Found 336 Resources containing: Muralists
Carrasco speaks of the roles played by her parents in her career as an artist, her experiences as a light-skinned Chicana, and the marginalization of women artists within the Chicano art movement; her relationship and marriage to fellow artist, Harry Gamboa, Jr., who has supported women artists; and her perception of Asco ("nausea" in Spanish), a group of artists and performers who joined together during the Chicano civil rights movement. She also discusses the influence of the art professors at UCLA and the quality of the training she received there; working with Carlos Almaraz and John Valadez on the "Zoot Suit" mural in Hollywood; meeting César Chávez and how he in part shaped her identity as a cultural worker; attending California School of Fine Arts, Valencia, California, and receiving her MFA there; other Chicana artists such as Carmen Lomas Garza; and the changes in her most recent work.
Edwin Howland Blashfield (left) with his assistants Vincent Aderente (center) and Alonzo E. Foringer (right) standing in front of "Wisconsin" (Wisconsin State Capitol dome crown) at the Vanderbilt Gallery, New York [photograph] / (photographed by Peter A. Juley & Son)
Orig. negative: 8x10, Glass, BW.
Edwin Howland Blashfield, American painter, 1848-1936.
Blashfield, Edwin Howland.
Weiner, Mina Rieur, ed., Edwin Howlan Blashfield: Master American Muralist. New York: W.W. Norton & Co., in association with Institute of Classical Architecture and Classical America, 2009, pg. 129.
An interview of George Booth Post conducted 1964 Apr. 9, by Lewis Ferbraché, for the Archives of American Art.
Transcript: 53 p.
An interview of Abraham Rattner conducted 1968 May-June, by Colette Roberts, for the Archives of American Art.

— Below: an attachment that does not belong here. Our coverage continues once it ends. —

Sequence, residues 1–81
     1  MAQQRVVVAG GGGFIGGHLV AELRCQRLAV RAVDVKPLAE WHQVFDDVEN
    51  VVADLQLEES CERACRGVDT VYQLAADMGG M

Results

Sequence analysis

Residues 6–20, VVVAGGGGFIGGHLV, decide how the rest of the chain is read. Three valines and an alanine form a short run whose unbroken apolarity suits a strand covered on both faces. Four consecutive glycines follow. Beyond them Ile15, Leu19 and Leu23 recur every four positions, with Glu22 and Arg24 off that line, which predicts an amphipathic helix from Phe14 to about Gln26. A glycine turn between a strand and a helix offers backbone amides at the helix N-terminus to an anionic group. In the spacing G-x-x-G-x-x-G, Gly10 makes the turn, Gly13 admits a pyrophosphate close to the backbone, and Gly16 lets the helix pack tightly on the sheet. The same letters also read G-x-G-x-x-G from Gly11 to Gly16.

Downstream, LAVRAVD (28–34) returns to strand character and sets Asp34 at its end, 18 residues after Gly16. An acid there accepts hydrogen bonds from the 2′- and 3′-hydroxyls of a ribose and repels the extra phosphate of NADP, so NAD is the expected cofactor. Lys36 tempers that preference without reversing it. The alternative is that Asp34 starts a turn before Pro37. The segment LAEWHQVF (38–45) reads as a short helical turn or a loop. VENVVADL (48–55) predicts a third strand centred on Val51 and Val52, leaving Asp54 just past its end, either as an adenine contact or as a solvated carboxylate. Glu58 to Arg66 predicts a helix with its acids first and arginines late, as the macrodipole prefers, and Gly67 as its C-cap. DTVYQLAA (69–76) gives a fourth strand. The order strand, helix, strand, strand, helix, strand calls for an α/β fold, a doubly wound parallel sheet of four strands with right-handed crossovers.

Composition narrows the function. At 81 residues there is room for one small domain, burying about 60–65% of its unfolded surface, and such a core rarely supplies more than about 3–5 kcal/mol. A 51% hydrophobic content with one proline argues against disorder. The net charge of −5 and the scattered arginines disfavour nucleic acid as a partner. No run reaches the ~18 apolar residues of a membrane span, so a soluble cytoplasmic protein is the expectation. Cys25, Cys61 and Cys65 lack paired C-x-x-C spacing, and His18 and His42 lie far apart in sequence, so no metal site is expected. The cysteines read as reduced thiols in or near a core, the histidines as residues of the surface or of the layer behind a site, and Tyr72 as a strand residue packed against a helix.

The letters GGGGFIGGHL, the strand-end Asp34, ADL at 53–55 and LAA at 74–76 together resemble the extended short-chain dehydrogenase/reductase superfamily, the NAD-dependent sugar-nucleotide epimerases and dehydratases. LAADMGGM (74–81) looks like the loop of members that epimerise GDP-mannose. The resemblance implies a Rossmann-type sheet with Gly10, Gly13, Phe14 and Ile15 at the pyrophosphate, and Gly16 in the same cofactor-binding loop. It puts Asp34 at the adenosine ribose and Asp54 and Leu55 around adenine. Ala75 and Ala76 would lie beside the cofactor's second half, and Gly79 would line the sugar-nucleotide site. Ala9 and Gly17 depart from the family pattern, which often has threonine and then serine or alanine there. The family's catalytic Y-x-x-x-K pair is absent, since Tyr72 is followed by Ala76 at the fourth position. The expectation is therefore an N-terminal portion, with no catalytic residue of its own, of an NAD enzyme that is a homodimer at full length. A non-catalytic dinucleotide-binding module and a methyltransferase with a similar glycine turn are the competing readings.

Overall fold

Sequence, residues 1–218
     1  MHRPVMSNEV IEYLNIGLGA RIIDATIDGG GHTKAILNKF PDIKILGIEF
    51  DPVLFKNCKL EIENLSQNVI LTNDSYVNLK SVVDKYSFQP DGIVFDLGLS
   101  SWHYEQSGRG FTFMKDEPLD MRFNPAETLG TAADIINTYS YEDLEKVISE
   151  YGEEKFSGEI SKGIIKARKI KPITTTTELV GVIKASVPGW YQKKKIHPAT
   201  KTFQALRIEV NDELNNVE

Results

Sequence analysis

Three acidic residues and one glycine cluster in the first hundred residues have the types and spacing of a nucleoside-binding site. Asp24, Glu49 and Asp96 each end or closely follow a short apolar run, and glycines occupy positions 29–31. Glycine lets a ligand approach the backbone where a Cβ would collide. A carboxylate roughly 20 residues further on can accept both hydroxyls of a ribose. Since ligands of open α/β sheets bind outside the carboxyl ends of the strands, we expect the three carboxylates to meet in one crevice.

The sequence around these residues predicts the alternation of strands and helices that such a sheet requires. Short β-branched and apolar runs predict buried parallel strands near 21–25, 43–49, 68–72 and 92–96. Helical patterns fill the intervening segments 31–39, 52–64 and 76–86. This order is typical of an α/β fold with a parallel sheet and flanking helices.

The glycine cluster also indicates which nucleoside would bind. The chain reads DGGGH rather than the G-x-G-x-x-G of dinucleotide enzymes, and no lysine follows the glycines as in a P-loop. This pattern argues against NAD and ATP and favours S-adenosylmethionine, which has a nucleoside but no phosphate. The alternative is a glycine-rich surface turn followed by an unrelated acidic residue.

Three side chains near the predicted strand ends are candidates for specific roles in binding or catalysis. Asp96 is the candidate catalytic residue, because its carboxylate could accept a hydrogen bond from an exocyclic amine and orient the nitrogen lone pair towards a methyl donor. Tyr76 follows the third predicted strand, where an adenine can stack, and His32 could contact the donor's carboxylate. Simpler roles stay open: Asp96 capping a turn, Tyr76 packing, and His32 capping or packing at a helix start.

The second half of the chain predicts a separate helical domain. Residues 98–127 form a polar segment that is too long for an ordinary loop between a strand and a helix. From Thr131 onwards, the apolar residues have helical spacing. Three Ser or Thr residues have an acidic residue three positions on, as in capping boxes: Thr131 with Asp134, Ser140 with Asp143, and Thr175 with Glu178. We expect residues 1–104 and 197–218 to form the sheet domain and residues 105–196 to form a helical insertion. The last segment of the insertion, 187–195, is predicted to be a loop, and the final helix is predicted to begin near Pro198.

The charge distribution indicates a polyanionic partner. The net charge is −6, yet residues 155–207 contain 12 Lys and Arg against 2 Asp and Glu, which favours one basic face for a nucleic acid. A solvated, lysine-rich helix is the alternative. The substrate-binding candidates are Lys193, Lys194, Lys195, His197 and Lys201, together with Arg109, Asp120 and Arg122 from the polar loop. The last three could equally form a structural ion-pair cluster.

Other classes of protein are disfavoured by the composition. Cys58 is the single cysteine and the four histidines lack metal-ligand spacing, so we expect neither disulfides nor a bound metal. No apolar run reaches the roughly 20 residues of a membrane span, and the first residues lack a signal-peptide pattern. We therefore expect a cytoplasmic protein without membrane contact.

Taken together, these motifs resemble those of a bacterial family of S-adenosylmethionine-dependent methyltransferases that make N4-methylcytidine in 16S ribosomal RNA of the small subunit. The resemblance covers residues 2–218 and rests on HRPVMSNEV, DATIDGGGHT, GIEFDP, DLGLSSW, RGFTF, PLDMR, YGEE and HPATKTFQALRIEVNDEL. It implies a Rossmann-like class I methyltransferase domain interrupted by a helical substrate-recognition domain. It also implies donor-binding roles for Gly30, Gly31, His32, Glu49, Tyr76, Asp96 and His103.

An interview of Otis Dozier conducted 1965 June 10, by Sylvia Loomis, for the Archives of American Art New Deal and the Arts Project.
Grant speaks of his background and education in California; joining the Federal Art Prject (FAP); doing watercolor painting and murals for the FAP in Santa Barbara; and his post-FAP career.
An interview of Suzanne Scheuer conducted 1964 July 29, by Mary Fuller McChesney, for the Archives of American Art New Deal and the Arts Project.
Steinberg discusses his travels in Ethiopia and Kenya; early paintings in America; politics and art in the 1960s; pyramids and the masonic movement; his own mythology; painting and drawing techniques; and his writings.
Notes should be viewed with original photograph, Digital Item ID# 19794.
An interview of Michael Spafford and Elizabeth Sandvig conducted 1992 September 2-4, by Paul Karlstrom, at their home in Seattle, Washington, for the Archives of American Art. Spafford and Sandvig discuss their marriage and their separate careers, and the controversy and trial resulting from Spafford's "Labors of Hercules" murals at the Washington State Capital Assembly Chamber in Olympia.
Typescript seven page manuscript with extensive handwritten notes, corrections, and additions. Packard writes of River and Kahlo's life in the 1940s. She writes about Rivera's health problems and reaction to World War II, as well as Rivera and Kahlo's artistic lives and household routines.